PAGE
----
I am confident that we all will agree how amazing creatures dogs are-loyal, intelligent, loving, trainable... We love being around them as their presence bring us a feeling of happiness and a lot of positive emotions. There is a type of dogs, that are not only our beloved pets, but also do various tasks for us, based on our needs. It is important to note, that the tasks these dogs perform can be both physical and/or mental related.
Taking care of our mental health is as essential for our general well-being as taking care of our physical health is, and we should not underestimate it. If you are new here, you may not know what service dogs are and how they can help people cope with various disabilities, especially when it comes to mental illnesses. If you want to learn more about these topics, you are at the right place!
Service Animals can be dogs only (some states in the US recognize miniature horses as well), individually trained to perform tasks, directly related to a person’s disability- whether physical or mental. Service dogs are allowed to accompany their owner to public places, as they are deemed as medical equipment and not pets. Hence, the “no” pet policy of covered entities does not apply to them. Professionally or owner/self trained service dogs in the US are protected under the Americans with Disabilities Act (ADA) and may not be denied access unless they are bad-mannered, cause damages, behave disruptively, are not under control or if the entity will have to fundamentally alter the nature of the services, goods or programs it offers.
According to the World Health Organization (WHO) mental disabilities can be characterized by combination of abnormal perceptions, emotions, thoughts, behavior as well as relationships with other people. Examples of mental disabilities are: bipolar disorder, depression, dementia, psychosis, schizophrenia and also developmental disorders such as autism. People suffering from a mental disability go through special treatment and need social support as well, to be able to actively engage in their daily activities. Mental disorders can immensely affect a person’s self-esteem, confidence, social interactions as well as their ability to do simple things as a part of their daily routine.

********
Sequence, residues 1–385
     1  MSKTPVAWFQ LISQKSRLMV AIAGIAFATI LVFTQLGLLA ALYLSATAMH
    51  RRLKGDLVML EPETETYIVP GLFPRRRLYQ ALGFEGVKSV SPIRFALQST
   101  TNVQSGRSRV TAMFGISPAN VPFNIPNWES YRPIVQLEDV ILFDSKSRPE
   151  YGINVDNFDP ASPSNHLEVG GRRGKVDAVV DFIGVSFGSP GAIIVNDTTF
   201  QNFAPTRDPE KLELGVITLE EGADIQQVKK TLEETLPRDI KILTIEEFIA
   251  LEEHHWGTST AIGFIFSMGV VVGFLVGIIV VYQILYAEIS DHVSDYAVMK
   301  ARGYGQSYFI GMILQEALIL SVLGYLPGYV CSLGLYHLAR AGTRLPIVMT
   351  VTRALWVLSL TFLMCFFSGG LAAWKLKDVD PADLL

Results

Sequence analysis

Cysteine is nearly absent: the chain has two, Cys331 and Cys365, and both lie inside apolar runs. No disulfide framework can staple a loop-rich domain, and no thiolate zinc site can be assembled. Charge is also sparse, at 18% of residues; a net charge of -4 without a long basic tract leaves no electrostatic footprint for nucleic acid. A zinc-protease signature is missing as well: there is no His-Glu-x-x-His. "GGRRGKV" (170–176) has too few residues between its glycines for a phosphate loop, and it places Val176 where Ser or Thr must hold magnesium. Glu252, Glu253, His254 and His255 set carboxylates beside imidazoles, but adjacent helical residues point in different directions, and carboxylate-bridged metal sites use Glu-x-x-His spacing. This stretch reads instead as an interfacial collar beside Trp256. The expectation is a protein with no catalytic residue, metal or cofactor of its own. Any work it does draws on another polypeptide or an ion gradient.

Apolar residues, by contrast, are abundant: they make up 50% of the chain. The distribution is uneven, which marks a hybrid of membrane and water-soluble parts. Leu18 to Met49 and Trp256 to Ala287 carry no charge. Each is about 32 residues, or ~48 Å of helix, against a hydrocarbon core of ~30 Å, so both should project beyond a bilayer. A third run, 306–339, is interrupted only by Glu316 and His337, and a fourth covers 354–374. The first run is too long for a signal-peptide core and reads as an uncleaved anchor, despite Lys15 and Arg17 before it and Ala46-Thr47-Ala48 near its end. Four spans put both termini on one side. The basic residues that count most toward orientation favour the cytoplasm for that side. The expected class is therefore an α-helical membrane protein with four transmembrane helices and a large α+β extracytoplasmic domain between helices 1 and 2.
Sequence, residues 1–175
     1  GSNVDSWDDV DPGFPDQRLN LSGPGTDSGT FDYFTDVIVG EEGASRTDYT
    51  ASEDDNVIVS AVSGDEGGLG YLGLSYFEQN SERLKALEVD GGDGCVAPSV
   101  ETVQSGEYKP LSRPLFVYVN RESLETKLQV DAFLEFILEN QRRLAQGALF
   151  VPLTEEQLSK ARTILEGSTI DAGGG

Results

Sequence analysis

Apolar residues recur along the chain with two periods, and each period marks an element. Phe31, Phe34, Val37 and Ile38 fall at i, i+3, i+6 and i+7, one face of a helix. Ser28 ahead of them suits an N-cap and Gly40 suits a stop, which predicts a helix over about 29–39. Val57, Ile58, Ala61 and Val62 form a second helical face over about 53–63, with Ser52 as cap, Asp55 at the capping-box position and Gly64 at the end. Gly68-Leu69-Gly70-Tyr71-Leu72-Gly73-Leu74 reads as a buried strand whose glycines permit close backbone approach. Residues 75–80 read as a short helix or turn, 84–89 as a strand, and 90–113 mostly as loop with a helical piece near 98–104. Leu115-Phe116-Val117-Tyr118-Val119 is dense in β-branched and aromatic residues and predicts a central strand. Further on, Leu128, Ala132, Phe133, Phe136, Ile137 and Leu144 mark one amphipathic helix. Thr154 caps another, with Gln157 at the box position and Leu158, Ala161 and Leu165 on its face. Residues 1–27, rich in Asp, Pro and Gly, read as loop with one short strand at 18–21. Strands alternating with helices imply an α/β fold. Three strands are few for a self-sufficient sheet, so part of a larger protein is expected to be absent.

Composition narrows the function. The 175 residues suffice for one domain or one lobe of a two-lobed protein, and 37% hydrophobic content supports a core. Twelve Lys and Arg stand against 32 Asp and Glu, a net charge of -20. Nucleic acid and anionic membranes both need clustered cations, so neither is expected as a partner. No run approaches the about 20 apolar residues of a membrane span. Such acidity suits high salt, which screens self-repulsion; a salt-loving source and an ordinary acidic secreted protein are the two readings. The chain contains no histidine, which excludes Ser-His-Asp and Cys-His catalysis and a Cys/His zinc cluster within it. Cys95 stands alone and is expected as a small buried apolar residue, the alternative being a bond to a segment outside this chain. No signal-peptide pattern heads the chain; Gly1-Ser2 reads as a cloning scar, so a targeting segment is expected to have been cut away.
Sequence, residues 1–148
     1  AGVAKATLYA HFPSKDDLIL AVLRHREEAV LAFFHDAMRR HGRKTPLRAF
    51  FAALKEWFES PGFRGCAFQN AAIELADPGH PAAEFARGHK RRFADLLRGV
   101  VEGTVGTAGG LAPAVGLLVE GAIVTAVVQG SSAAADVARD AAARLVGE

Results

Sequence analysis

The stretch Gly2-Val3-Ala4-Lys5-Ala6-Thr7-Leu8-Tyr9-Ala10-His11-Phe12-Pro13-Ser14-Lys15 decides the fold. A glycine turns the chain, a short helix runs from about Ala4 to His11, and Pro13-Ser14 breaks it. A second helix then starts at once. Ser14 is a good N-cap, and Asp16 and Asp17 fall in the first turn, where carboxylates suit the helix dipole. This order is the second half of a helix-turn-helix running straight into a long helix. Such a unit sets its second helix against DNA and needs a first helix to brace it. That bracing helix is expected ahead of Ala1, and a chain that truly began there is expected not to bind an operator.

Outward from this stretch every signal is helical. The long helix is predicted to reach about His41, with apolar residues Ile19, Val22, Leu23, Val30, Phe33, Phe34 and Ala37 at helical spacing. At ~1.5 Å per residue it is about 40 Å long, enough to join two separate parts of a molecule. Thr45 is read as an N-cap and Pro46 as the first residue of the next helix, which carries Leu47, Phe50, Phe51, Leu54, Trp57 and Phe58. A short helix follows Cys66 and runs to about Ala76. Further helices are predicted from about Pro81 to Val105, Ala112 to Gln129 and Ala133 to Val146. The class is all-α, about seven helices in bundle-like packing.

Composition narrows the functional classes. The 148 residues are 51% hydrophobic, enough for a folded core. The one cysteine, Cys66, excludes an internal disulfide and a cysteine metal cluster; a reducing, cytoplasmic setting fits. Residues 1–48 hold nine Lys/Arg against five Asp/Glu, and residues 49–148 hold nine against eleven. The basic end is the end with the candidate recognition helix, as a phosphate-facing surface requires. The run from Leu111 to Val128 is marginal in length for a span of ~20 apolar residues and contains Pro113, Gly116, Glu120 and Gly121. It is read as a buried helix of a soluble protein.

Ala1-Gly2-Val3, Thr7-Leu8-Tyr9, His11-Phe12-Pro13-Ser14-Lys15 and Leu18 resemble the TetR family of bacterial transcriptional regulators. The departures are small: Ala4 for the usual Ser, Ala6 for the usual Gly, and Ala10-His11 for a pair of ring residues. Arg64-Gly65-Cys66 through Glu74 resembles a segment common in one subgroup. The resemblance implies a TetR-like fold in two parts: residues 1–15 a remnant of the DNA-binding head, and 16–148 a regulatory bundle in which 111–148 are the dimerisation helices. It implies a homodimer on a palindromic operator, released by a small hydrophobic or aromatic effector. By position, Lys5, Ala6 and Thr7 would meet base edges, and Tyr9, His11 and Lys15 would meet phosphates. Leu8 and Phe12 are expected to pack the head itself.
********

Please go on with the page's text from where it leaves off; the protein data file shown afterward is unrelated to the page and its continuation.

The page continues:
You all may have heard or seen guide dogs, dogs pulling wheelchairs and performing various physical tasks. However, there is a type of service dogs-the so-called Psychiatric Service Dogs, trained to perform tasks, directly related to a mental disability. These dogs still provide comfort and emotional support, but due to the specifics of their work-they perform concrete tasks, they are recognized as service animals and enjoy the same privileges.
The two terms are still being confused, so we would like to clarify what the differences are. Emotional Support Animals (ESAs) provide comfort and companionship and bring positive feelings to their owners due to their presence. They go through basic obedience training so that they can be well-mannered while in public. However, they do not perform specific tasks, directly related to a mental disability. Hence, they are not recognized as service animals and may be denied access to public places. The “no pet” policy of covered entities applies to them. Despite that, ESAs in the US are protected under the Fair Housing Act that requires landlords to provide them with reasonable accommodation.
As mentioned above, Psychiatric Service Dogs (PSDs) are a type of service animals, and they are allowed in covered entities as well as in the aircraft passenger cabin. However, when it comes to traveling with a PSD on board, you should always check the service dog regulations of the particular airline and make sure that you and your service dog meet all requirements to be accepted in the passenger cabin.
The tasks that PSDs can perform are so many and vary based on the needs of their owner. One of the most important tasks PSDs can do is: